The Defense Contract Audit Agency also faulted Halliburton subsidiary KBR for failing to provide the records necessary to evaluate spending on the contract. The data KBR gave the auditors didn't match the company's internal accounting records, the agency said.
Loss: Michael Warren, a native of Port Jefferson, L.I., is suing International Business Machines Corp. for firing him because since 9/11 he's been called up too often by the Army Reserves.
The firm, Custer Battles is being charged in a lawsuit of defrauding the Coalition Provisional Authority of tens of millions of dollars during work in
Two former employees sued the company last year under the False Claims Act, seeking to recover damages on behalf of the
Loss: President Bush stated that we would treat Iraqi oil money as a solemn trust to be disbursed solely for the benefit of the Iraqi people. Now nine billion dollars of Iraqi funds are missing. Over forty cents ($.40) of every Iraqi dollar supervised by the
Profit: Excess billing for postwar fuel imports to
In one case, according to the report, the company claimed that it had paid more than $27 million to transport liquefied petroleum gas that it had purchased in
The report, by the Defense Contract Audit Agency, was one of nine audits involving a subsidiary of Halliburton: Kellogg, Brown & Root. The audits were completed in October 2004, the month before the presidential election. But the administration has kept all of them confidential despite repeated requests from both Republican and Democratic members of Congress.
Loss: On Oct. 14, as Eric Cagle drove up to an Iraqi national guard compound in Huwijah, northern
Shrapnel knifed through his cheek under his left eye and embedded in his brain. For the
In surgery, his carotid artery burst, leading to a massive stroke. An infection caused swelling, and doctors were forced to remove the right side of his brain.
His right eye is sutured shut to allow an ulceration of the cornea to heal, and his left eye has only a sliver of sight.
Of the more than 270 soldiers from the 25th Infantry Division (Light) and U.S. Army,
Profit: The world's major oil companies are dusting off their Baghdad Rolodexes as
Through 15 years of conflict and sanctions, major oil companies never lost sight of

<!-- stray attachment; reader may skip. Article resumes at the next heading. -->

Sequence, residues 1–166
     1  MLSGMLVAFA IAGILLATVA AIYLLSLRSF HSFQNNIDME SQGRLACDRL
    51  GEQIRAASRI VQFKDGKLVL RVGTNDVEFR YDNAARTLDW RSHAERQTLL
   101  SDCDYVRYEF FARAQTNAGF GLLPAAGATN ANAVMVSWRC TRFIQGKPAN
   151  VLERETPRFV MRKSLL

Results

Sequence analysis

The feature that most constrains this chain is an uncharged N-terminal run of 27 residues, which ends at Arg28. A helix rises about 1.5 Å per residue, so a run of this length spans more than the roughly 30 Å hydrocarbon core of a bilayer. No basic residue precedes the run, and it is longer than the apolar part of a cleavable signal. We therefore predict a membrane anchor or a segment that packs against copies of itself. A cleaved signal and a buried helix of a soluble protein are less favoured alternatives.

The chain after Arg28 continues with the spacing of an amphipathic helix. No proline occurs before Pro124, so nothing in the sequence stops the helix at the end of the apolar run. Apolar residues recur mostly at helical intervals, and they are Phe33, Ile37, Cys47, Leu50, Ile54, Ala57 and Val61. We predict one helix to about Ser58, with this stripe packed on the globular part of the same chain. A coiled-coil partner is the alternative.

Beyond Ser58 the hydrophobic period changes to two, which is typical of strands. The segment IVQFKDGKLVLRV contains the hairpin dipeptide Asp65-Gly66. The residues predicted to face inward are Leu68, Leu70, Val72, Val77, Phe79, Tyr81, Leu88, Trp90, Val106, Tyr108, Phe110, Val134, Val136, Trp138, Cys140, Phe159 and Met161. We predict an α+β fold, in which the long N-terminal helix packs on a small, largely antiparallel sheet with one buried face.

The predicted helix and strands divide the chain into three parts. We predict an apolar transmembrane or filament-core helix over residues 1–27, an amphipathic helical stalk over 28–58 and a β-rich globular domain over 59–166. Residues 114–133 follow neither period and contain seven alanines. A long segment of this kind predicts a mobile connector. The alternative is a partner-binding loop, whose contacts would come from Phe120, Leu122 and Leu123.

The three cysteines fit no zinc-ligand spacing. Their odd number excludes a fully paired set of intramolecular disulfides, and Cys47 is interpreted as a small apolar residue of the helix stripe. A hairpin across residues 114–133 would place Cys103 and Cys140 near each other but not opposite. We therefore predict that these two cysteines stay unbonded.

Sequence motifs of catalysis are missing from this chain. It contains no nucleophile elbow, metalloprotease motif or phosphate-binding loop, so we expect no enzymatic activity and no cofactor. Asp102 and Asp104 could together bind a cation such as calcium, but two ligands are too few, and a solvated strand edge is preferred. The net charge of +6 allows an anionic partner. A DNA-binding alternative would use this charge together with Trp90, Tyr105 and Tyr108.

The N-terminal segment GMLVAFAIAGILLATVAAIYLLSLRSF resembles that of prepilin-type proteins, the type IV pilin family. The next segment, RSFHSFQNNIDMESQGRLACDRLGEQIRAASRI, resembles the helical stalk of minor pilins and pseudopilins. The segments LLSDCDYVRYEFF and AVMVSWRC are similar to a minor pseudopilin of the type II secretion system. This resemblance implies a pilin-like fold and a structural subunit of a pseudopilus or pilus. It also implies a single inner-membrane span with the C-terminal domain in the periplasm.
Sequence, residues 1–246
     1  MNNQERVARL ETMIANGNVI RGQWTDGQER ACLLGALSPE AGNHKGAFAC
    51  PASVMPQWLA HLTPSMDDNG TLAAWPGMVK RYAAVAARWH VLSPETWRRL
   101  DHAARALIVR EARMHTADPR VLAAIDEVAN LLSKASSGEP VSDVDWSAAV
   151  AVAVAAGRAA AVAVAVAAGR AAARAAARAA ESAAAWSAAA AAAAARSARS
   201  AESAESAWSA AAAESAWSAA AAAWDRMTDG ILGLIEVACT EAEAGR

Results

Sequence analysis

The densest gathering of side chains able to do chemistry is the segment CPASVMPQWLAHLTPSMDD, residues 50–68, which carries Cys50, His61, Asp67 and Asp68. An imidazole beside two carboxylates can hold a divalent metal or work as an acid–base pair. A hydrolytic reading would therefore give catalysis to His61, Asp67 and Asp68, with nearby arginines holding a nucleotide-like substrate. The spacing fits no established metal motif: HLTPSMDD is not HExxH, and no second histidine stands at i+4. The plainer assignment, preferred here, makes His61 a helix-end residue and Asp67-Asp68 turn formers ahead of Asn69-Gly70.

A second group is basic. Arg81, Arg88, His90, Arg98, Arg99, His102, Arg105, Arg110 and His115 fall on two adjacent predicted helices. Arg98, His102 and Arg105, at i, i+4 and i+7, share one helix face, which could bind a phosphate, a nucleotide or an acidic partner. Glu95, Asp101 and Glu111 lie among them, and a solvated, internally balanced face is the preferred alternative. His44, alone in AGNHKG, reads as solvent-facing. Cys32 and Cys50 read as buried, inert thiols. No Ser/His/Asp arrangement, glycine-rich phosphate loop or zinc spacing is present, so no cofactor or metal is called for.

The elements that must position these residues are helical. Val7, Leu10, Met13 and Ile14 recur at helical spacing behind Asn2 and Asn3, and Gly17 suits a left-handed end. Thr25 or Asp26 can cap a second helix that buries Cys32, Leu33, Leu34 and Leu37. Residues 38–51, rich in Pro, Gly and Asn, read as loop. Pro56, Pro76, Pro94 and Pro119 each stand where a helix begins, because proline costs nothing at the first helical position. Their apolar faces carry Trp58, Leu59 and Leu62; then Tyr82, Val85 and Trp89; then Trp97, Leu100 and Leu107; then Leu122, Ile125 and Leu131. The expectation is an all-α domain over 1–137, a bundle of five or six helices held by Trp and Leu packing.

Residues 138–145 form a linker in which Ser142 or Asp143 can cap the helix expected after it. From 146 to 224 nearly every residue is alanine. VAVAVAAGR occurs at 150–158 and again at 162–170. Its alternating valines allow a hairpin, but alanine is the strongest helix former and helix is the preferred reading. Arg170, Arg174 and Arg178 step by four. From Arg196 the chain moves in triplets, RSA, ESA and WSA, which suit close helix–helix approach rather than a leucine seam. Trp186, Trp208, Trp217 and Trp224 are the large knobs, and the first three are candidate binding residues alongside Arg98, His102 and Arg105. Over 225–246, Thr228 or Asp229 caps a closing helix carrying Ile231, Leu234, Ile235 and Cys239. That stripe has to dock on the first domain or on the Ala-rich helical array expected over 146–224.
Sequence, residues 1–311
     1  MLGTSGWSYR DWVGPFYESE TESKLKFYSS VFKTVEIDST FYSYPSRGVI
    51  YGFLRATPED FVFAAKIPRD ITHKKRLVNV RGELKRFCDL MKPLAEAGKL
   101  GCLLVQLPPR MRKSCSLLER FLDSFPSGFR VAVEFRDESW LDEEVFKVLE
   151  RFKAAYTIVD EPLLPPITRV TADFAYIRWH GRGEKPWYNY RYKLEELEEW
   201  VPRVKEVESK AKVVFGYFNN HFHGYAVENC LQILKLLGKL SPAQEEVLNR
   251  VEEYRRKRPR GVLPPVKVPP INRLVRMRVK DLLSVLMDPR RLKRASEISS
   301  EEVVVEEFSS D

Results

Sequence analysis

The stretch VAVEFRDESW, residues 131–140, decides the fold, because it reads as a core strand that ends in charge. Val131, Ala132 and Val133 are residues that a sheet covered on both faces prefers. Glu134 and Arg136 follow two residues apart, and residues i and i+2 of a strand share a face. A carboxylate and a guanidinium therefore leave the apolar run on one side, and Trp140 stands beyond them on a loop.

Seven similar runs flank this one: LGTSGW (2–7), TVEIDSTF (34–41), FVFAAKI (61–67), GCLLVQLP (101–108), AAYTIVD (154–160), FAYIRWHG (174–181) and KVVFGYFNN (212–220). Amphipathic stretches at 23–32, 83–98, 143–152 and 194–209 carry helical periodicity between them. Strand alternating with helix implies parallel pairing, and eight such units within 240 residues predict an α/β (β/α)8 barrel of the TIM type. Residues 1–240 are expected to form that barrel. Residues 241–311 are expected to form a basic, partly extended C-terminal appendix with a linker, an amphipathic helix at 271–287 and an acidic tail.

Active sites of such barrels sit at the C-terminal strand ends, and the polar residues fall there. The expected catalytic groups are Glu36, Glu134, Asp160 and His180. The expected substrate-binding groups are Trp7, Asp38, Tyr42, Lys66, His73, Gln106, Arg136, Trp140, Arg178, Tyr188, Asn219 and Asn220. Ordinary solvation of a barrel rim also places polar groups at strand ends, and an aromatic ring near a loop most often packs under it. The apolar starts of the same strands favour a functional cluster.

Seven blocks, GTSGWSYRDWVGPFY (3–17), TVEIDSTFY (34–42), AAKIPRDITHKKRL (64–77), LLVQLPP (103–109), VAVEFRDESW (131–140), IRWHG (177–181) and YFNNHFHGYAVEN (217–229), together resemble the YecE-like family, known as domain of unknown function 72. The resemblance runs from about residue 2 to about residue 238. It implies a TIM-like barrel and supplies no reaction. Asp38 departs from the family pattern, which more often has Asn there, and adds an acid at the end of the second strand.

Loss: You have to stand a ways back, but from a certain angle these look like the lucky ones. In any other war, they would be dead, having bled to death on the battlefield or died in a hospital from wounds so grievous that their armor could not protect them and the doctors could not save them. In World War II, 1 in 3 wounded soldiers died; in
Every war mutilates in its own way, leaves its distinctive marks. In this war, unlike battles past, only 16% of injuries were caused by gunshots, according to a study; 69% were from explosions--the roadside booby traps, the car bombs, the rocket-propelled grenades. The vast majority of injuries are to arms and legs left vulnerable even as body armor is protecting vital organs. The amputation rate of 6% of wounded soldiers is twice that of earlier wars. But in addition, doctors are seeing new injuries, some of them inconspicuous compared with the shredded flesh of bombing victims. Traumatic brain injury occurs when the shock from an explosion damages neurological fibers. Soldiers may survive a blast with scarcely a cut, only to find over time that they suffer coordination and memory loss, dizziness, insomnia. Some have to learn to walk again--or to recognize their wives and children.
Profit: Soon after interim Prime Minister Iyad Allawi took office last summer, he announced plans to create a tank division for the new Iraqi army.
The $283-million project was supposed to display the power of
The case raises concerns about the
Loss: In wartime, the silence of the American dead is a vacuum that the powerful in
This month the Defense Department released data showing that the official number of
Profit: Median CEO pay at the 37 largest defense contractors rose 79 percent from 2001 to 2002, while overall CEO pay climbed only 6 percent, according to a new report from United for a Fair Economy, More Bucks for the Bang: CEO Pay at Top Defense Contractors, by Chris Hartman and David Martin.